Slow Food Toronto’s Miriam Streiman met with Chef Marc Breton, Executive Chef at the Gladstone Hotel, to discuss how his upbringing influenced his approach to food, the importance of food and our seasons, and building relationships with local producers.
MS: Why did you become a chef?
CMB: I am French Canadian and grew up with food being a big part of everyday life. When I was young, eating was a social event. I did well in high school and then went to University. I hated it and ended up answering an ad for kitchen help. I started as a dishwasher and moved my way up.
MST: What were the traditional foods eaten at home?
CMB: Some are on our menu now; tourtiere at Christmas time, for Harvest Wednesday this year we made Head Cheese, but it was not as good as my mother’s. We had the staples growing up, baked beans, pies. We also did a lot of preserving, which we have done at the Hotel all along. That was from my grandmothers and mothers kitchen. I remember going to pick fruit as a family, and going back and making plum jam. With my grandmothers cooking, it was like you had died and gone to heaven. It was not do you want pie, but what kind of pie? My grandmother was an amazing cook. She used lard to make her pie crust. Now fat has become a bad thing, but then, we needed to eat fat to survive the winter, we also used a lot of pork and cheaper cuts of meat.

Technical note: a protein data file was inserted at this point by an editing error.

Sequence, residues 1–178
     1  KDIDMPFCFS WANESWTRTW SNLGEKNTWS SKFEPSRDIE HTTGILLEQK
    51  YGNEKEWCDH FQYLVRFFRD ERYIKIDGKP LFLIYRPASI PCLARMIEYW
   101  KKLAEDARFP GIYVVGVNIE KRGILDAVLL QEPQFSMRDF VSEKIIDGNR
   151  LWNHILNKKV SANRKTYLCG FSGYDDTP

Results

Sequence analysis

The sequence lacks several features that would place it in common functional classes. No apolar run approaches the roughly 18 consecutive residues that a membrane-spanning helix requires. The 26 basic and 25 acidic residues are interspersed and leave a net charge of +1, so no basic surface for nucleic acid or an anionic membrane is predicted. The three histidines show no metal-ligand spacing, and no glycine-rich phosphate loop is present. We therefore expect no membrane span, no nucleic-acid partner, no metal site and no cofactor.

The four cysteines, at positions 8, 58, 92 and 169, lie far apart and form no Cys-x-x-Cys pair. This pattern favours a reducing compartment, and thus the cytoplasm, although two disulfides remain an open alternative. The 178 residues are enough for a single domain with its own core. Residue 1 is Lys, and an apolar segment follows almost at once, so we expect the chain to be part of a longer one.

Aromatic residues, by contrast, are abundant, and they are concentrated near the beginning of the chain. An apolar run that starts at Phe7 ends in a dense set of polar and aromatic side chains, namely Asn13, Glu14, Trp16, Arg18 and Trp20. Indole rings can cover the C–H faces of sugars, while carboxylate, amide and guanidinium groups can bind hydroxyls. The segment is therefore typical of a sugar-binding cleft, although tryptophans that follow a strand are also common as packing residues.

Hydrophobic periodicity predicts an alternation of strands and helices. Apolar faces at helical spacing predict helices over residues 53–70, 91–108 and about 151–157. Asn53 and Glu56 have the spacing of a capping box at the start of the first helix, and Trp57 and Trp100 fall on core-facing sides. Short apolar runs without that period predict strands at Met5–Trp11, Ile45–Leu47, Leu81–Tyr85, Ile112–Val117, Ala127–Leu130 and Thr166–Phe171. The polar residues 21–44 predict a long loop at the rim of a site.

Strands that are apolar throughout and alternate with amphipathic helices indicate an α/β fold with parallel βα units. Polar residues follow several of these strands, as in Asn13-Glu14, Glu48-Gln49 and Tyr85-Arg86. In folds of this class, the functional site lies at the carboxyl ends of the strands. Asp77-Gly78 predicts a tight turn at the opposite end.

MS: Are people more open to eating animal fat now?
CMB: People are making a political statement when they pick up their fork. You have to eat in a healthy way and in moderation, diets are not moderate, they are too extreme. There is no reason you should not have a little bacon now and again, or some of those excellent dried cured salamis.